Reaching Out to the Un-Prepped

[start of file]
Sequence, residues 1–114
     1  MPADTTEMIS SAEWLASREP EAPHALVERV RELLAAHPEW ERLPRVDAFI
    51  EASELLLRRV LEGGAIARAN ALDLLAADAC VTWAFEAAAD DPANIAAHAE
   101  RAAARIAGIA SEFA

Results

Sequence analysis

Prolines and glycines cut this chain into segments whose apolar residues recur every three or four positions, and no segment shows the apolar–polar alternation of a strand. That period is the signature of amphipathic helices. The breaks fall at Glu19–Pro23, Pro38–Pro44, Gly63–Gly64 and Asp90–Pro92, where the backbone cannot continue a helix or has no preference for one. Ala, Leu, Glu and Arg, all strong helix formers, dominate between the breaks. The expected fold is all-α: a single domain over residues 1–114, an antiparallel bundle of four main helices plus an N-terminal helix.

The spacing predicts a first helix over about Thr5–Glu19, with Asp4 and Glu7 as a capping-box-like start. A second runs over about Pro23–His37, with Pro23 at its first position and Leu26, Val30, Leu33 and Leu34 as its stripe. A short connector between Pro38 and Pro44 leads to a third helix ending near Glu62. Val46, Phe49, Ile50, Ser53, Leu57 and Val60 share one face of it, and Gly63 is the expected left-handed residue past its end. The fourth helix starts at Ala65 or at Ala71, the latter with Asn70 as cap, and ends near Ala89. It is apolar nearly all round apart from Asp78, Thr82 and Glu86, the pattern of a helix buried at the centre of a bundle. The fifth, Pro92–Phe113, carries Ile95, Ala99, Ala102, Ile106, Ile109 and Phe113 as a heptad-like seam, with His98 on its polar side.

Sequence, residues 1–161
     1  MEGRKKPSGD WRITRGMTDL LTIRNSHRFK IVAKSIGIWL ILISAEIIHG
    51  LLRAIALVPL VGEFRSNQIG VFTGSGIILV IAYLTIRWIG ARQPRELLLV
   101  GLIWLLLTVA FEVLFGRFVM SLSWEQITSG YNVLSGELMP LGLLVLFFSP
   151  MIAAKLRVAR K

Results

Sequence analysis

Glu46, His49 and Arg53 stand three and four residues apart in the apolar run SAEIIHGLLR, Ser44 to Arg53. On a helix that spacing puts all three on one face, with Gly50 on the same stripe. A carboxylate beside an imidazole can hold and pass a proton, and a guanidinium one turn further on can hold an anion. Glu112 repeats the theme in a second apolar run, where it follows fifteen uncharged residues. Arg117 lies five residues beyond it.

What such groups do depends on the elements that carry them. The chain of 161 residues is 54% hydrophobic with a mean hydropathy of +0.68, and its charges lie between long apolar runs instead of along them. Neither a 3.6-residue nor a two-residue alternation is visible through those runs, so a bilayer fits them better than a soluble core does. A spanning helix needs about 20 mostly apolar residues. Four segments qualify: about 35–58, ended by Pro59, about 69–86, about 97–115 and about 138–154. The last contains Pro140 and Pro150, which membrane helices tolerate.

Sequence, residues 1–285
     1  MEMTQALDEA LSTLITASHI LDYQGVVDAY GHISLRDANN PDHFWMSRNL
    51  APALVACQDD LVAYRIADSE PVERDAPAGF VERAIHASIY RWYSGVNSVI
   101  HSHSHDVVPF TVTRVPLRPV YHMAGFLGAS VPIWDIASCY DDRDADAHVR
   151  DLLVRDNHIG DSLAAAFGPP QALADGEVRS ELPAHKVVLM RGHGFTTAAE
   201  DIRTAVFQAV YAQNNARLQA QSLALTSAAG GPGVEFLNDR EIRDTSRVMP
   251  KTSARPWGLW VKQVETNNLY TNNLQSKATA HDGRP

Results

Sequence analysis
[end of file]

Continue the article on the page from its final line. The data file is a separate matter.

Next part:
by Mark C, Survival Blog The vast majority of the population exists in cities or very near them. We’ve already seen what happens in places like New York and Watts when power was lost for just three days. There are riots, looting, and violence. Imagine a long-term or even permanent loss of power. Imagine that the gasoline supply is what is in your vehicle’s gas tank right now, and that’s it. Food in your pantry is what you have, and that’s it. Water? Fill your bathtub, sinks, or anything else you can find, but that’s it. Toilets? You better dig a hole in the back yard, because disease is not far behind, if you don’t. You could always use your precious gasoline to make a run to the store where everyone is looting, but you’ll find the stores aren’t built with huge store rooms in the back, like there were in the 1970’s. Everything is shipped just-in-time, but of course there won’t be any more trucks to resupply the stores, and there won’t be any more trains or ships. There is no way to get crops out of the fields in bulk; they start to rot in place. Now, let’s say you did store up a significant supply of food and water, like the Mormons do. You have a whole year’s worth. Did your neighbors do this, too? Did the majority of the now-starving population do this? Do you think they will notice your family seems to be doing pretty well? Did you make the mistake of letting it slip out that you had these supplies? Now, put yourself in their position. They’re looking at their starving kids and hearing their cries at night while their neighbor runs his generator, cooks his good-smelling food, and drinks his clean water. How desperate would you be? Would you let your family perish? What about the police or National Guard? Well, if they hadn’t abandoned their posts to take care of their own families, which is very likely, they would be taking your stores and employing “redistribution” as outlined in the Executive Order, but like I said it’s not likely they would abandon their own families. There would be well-organized groups out there though; the street gangs, who will systematically rape and pillage, will eventually find their way to your house. Will you fight? With what? Maybe your plan should have been to bug-out of the city and get as far away as you can with as much as you can. That would have been a good idea, if you had left in the first 30 minutes of the power grid loss. Those that wait find themselves stuck on the freeways, jammed up in traffic. Even if you do make it out, where would you go? What would happen when you get there? Will you grow your own food? Do you know how? So, maybe you prepped a little and bought a bunch of seeds to plant. Were they “heirloom” seeds? All the seeds you buy in the store these days are hybrid seeds, engineered to produce sterile seeds or no seeds at all. This way you have to come back every year to buy more seeds, but there are no more because there are no stores left to sell them. Where do you get heirloom seeds? Do you know how to preserve your crops so you can eat them year-round? Canning is a simple thing to learn, but if you weren’t knowledgeable before the Internet went down you won’t have access to learn. Did you bring canning supplies? Will you hunt? Like planting and raising crops, it’s a skill or a piece of knowledge you should have learned before the loss of power. Additionally, you need bullets and lots of them, because, again, there are no stores, and on a more ominous note it is very likely you will have to defend yourself and your family against some fairly seasoned thugs. Can you do this? Do you know how? It’s yet another skill you should have acquired before everything crashed. Enough Already All right, enough of the torturous questioning. You’re overwhelmed by now and maybe even depressed. I walked you into this subtly, and then I put it on pretty thick. I’m sorry, but I want you to know and to think about it. There is a reality here, and I believe a certainty that drives necessity to prepare. Cost, Time, and Effort There is a smart way to prep and at the same time be frugal. Most of us are limited, by budget, in any case. You may be surprised to know that smart and responsible prepping is doable for those that don’t have a lot of money. It may involve building or making your own tools, rather than buying them from a store, or it may mean slowly accumulating canned goods that you normally eat and then rotating them through your pantry. Large bags of grain or rice are very inexpensive and easy to preserve. Also, there are fairly inexpensive ways to purify water. A little bit at a time makes this affordable. The majority of the part about accumulating knowledge and skills can be inexpensive or even free. is a wealth of information from folks that willingly convey their knowledge because they care about you and others like you. From planting and canning to medical, dental, and self-protection, if it’s not on the website, then it points you in the direction of where to find it or how to learn it. Spend a few minutes each day reading and researching. Within a few weeks or months you will be amazed at what you’ve learned. This is where I would start, and it costs you nothing. Why not? Continue Reading>>>

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